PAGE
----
Personal branding requires you to craft a professional image by communicating your unique interests, skills, and expertise. Your personal brand should reflect not only your professional interests, but it should also provide specific insight into your industry to show others what you know. But what happens if you need to promote two very different personal brands?
There are plenty of individuals who have varied interests and professional identities. Perhaps a political blogger is also pursuing side projects in photography. Or a high school teacher is looking to start a network for other adults interested in environmentalism.
Whatever the case, having multiple professional images to maintain can create a rift in your identity. You don’t want to risk alienating part of your audience, but you also need to promote two different focuses. Luckily, you have a few options for this juggling act. The beauty of it is, you can choose whatever option works best for you:
Fine-tune your focus. Determine which aspects of your brand actually need to be promoted. If you run a small business but also work as a public speaker, you may find you have a greater need to promote your public speaking career rather than a business that people are able to find through other outlets, like advertisements or word-of-mouth. That doesn’t mean you need to wipe your business from your professional online presence—for example, you can include that you’re a small business owner in your LinkedIn bio, but focus your blogging efforts on public speaking insights.
Segment your brands. Some may find it best to completely separate their two focuses. This could involve creating separate Twitter accounts: for instance, one for your graphic design work and insight, another for your 9-to-5 at a marketing company. This doesn’t mean you have to have a secret, split personality—feel free to include links to your other Twitter account, blog, website, or portfolio so that your audience can easily browse both of your professional interests.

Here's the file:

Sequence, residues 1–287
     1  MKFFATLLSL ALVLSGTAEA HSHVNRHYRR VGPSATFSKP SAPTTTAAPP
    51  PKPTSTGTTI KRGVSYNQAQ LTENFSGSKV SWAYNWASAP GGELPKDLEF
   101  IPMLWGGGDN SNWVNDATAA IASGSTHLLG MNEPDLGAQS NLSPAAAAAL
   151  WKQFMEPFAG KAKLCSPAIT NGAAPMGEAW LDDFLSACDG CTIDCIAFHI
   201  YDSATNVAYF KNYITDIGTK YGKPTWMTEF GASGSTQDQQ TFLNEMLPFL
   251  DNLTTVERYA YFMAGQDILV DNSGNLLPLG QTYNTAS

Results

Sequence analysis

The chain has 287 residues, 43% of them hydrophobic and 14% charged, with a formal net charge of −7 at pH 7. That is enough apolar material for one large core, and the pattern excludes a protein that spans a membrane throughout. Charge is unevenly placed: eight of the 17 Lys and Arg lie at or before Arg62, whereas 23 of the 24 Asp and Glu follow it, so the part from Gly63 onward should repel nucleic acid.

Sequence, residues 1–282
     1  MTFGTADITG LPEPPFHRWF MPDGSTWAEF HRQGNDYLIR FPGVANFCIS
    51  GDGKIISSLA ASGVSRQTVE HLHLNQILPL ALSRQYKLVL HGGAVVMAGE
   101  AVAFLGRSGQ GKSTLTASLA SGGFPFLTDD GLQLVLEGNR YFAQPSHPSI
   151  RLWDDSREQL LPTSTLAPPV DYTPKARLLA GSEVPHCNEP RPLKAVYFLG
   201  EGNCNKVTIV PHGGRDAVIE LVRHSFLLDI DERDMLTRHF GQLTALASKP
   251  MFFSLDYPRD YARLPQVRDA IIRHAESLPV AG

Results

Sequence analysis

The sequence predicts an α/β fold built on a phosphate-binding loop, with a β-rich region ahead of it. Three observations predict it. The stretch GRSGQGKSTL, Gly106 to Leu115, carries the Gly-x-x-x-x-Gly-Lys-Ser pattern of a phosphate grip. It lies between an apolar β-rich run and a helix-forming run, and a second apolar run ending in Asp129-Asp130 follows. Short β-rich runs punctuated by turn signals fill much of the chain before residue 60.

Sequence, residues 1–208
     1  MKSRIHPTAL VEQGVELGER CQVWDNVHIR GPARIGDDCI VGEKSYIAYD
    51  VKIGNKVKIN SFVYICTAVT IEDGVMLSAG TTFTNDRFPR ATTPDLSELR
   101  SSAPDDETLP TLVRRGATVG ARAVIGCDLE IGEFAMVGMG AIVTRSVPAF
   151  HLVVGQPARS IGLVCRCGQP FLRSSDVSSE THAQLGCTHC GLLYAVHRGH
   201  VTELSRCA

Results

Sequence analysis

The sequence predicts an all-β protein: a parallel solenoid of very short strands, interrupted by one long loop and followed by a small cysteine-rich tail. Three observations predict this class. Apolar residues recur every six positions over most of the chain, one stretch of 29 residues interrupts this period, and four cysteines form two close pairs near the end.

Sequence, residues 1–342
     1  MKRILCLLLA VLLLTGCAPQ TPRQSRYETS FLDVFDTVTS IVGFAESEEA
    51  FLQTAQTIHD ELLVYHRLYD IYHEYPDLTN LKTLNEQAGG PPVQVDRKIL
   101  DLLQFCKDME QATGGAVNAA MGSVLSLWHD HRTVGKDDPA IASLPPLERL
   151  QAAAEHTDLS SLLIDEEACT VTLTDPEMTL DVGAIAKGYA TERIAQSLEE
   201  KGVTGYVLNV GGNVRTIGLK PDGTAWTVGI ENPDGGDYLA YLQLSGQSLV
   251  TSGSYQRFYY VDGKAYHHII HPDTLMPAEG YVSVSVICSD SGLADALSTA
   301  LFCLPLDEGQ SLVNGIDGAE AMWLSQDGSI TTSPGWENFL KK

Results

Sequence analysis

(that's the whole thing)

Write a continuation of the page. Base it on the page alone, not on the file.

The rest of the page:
Merge your brands. This option can be tricky, but many people find it’s easiest to simply communicate that they have a multi-faceted professional image. This is because many workers don’t have the time to manage multiple online profiles, nor do they want to risk dramatically segmenting their audience. Merge your brands by clarifying in your Twitter bio or on your LinkedIn page that you’re a teacher by day, environmentalist by night, and share information and insight relevant to both professional images. If you’re clear about both interests, your audience should have no problem finding the information most relevant to them.
Personal branding involves a tricky balance no matter what your career aspirations. Promoting multiple professional focuses often depends on what you find most manageable. Weigh the options above to determine what’s best for you—good luck!